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Teach Kids Money Management With Lemonade Stand Learning

Sweeten your kids' summer with valuable life lessons


When your kids ask you if they can have a lemonade stand, do you sigh in anticipation of all the work required? Me, too. Especially because I never did a lemonade stand when I was a kid. Instead, my best friend and I went door-to-door in her neighborhood attempting to sell “must-have” summer items like rocks and pamphlets. So when my kids suggested doing a lemonade stand in our yard, I first blamed television for putting the idea in their heads. I soon reluctantly agreed, and we were on our way to several days of fun and (don’t tell my kids this part) learning.

To start, I told the kids to hunt down a small table, folding table or stable cardboard box. Then we went to the store for cups, ice and powdered lemonade mix. The kids made signs to put on their table and on sticks stuck in the ground. One of the kids held up a sign and yelled, “Lemonade!” to attract business.

My money-obsessed 10-year-old son started the first day by charging a big fat buck for each medium-sized glass of lemonade. He actually had a few takers, but the next day he decided to cut the prices in half and ended up earning much more. On some days, the kids would put up a sign that said all the proceeds from the day would be going to a specific cause, like to a cat shelter or to the Red Cross. Those were the days I didn’t gripe about having to sit outside in the heat acting as Lemonade Stand Manager. 

As summer wore on, the kids enjoyed coming up with bigger and better ideas—like their big hit, Kool-Aid mixed with clear soda. They were like mini businesspeople sitting around the dining room table discussing the next Big Idea. They started getting repeat business from people who drove down our street every day. They even made labels for the cups with their business name: Summer Kids Drink Stand.

lemonsMore than a money-maker

The lemonade stand was a simple fundraising venture at first glance, but when I looked a little deeper I saw it for all the lessons it taught my kids and their friends:

Financial know-how

Because they know they have to reimburse Mom for start-up costs, the kids learn how to seek out deals on cups and lemonade and to make their own ice in advance. They also learn about making change, counting money, measuring, dividing earnings between kids, how much to charge, record-keeping, saving for something they want, and altruism (through donating their money to a specific cause or charity).

Business strategy

There’s much for kids to learn about business, like the fact that there are good and bad times and days to sell. (Lunch and rush hour are good lemonade-selling times; chilly days are not. Garage sale days are the best!) They also learn patience and perseverance.

Safety & stranger danger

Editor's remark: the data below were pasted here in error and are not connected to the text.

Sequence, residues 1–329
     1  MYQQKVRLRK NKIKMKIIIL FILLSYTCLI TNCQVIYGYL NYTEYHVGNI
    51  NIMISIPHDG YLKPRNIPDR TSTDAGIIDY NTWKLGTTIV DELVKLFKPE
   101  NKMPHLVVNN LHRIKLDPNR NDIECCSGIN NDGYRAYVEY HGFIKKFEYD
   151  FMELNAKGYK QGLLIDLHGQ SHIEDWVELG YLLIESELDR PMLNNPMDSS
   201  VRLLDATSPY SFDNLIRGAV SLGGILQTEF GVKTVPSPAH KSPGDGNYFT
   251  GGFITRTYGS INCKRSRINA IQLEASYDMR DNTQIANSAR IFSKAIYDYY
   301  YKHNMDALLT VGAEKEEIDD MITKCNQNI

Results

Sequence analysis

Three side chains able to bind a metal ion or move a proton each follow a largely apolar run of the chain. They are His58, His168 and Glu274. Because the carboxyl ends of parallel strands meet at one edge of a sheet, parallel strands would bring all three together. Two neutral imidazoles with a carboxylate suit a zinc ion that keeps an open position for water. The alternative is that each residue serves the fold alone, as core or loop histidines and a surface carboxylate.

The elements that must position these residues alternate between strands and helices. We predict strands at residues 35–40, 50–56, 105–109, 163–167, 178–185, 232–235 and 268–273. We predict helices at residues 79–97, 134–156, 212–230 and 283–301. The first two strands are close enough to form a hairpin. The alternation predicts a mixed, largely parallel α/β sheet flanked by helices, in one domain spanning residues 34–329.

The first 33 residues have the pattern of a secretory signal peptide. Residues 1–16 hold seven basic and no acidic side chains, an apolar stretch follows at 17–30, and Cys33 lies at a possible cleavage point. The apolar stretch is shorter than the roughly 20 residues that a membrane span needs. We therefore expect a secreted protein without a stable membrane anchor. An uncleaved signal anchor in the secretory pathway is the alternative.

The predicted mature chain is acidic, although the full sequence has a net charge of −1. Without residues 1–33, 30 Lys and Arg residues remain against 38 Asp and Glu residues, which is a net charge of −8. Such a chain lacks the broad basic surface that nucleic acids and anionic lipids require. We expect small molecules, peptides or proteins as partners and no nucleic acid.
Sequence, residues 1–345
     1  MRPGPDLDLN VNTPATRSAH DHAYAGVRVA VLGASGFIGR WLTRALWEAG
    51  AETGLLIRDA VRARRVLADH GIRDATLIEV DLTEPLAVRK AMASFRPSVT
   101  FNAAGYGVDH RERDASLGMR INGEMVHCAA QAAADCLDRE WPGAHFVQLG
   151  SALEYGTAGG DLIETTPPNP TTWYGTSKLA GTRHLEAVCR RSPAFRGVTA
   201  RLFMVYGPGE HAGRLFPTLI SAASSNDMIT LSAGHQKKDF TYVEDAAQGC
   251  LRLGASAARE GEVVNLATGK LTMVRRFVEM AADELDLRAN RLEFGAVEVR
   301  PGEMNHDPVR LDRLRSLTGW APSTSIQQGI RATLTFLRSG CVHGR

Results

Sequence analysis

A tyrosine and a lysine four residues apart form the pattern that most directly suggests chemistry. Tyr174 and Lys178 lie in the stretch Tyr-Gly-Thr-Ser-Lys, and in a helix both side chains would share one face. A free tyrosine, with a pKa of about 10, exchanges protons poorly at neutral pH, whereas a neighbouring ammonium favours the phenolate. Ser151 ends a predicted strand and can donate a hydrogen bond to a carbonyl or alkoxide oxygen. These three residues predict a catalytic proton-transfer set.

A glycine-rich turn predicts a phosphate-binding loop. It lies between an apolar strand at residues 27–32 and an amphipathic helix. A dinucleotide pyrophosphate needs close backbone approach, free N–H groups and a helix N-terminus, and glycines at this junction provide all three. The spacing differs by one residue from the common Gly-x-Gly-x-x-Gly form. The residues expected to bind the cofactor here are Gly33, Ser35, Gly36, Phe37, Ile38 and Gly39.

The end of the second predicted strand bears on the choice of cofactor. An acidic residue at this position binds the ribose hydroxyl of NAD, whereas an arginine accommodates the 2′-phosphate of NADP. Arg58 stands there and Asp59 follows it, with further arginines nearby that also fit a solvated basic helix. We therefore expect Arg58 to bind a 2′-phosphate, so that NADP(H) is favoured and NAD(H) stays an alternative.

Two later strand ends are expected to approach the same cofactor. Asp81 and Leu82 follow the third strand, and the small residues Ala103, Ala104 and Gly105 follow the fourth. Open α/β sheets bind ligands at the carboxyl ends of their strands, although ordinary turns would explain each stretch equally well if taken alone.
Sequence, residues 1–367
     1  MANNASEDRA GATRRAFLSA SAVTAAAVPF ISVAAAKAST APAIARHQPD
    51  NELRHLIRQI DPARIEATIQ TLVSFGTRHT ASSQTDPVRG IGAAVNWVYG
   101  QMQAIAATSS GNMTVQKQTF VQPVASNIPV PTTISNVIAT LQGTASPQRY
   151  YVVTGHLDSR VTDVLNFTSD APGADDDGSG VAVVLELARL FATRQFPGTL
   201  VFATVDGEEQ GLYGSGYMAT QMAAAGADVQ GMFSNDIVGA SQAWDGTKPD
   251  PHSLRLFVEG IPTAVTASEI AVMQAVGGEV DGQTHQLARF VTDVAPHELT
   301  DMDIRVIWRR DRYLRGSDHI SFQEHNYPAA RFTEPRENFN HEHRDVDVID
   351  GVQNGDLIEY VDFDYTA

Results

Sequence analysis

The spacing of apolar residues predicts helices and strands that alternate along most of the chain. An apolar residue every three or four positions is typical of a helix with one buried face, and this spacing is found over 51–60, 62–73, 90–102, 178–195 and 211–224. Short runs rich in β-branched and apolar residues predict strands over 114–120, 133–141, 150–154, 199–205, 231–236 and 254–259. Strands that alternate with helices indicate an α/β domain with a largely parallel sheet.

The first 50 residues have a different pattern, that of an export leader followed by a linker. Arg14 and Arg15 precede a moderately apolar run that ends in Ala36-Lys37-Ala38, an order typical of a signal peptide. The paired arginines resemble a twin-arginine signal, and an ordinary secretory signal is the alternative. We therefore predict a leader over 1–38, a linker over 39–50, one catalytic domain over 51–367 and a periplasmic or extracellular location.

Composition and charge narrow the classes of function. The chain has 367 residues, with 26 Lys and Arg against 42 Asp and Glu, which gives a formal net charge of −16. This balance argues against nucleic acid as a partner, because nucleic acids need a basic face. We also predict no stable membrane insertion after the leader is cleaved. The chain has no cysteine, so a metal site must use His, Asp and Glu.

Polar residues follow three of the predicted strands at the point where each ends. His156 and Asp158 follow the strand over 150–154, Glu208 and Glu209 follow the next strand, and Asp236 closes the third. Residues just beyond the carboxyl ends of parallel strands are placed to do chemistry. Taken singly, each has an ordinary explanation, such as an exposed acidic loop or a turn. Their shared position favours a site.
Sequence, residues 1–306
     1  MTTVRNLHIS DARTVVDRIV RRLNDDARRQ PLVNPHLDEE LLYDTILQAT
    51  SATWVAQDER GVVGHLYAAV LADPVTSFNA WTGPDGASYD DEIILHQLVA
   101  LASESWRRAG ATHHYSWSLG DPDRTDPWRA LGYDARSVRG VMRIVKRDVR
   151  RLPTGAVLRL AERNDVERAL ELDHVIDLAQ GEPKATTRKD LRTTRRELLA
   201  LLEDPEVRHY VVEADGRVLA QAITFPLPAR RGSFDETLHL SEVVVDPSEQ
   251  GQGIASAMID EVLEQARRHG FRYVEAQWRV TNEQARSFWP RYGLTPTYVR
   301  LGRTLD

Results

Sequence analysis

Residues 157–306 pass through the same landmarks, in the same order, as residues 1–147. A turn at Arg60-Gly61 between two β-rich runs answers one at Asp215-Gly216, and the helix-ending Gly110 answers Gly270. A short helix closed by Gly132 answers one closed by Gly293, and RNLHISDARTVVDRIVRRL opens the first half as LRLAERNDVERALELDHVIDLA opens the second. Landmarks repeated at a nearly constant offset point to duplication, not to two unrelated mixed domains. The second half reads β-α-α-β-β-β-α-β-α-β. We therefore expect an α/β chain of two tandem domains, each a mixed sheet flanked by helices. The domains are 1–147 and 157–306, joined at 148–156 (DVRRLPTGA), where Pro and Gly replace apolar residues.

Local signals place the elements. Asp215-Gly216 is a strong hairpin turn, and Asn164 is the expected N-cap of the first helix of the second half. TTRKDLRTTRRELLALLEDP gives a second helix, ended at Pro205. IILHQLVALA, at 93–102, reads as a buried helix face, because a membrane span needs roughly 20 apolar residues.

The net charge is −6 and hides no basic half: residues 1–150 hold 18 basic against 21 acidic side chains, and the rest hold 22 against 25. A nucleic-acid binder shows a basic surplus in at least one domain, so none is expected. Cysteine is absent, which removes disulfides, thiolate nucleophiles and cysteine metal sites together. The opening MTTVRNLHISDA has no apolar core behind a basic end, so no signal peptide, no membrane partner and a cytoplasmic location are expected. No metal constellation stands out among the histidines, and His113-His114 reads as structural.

I’m sure your kids already know not to approach a car when they don’t know who is in it. Selling lemonade reinforces that message and lets your child know it’s okay to tell someone, “No, I’m not allowed to do that.” Your child should require customers to get out of their cars to purchase their lemonade. (It’s not a drive-through, after all!)

Basic manners & social skills

Kids learn to meet and greet neighbors and strangers. They learn to smile and communicate politely with customers about the cost of the lemonade: “That will be 50 cents, please.” They learn that if they provide good service and a sincere thank you, they will be more likely to earn repeat business and maybe even a tip (for which they wil say an extra profuse term of gratitude).

Health regulations

I also made sure the kids knew to hold cups at the base (not at the lip where their customers’ mouths would be) and to keep their fingers out of the cups at all times. As a humorous example, I showed them the scene from National Lampoon’s Vacation, in which the girl stirs the drink with her bare, dirty arm. Gross! 

At the fast-approaching end of lemonade season, your neighbors may be broke—and sick of lemonade—but your kids won’t be asking to borrow money all the time. And they will have learned some valuable lessons to use next summer and throughout their lives.

Alex's Lemonade Stand Foundation

Alex’s Lemonade Stand Foundation (ALSF) was started in 2000 by Alex Scott, who was diagnosed with childhood cancer before her first birthday. When she was 4, she set up a lemonade stand to donate the money to help find a cure. Soon others around the country were setting up stands to donate their money, as well. Alex died at the age of 8, but her lemonade stand legacy has raised over $40 million for childhood cancer research and more. Visit the ALSF site to register your stand, and they’ll provide materials to make your fundraiser a success.

Kerrie McLoughlin is a mom of five. Visit her blog, The Mommy Kerrie Show.


Have any of your kids' projects or games turned into valuable teaching opportunities for you? Please share!

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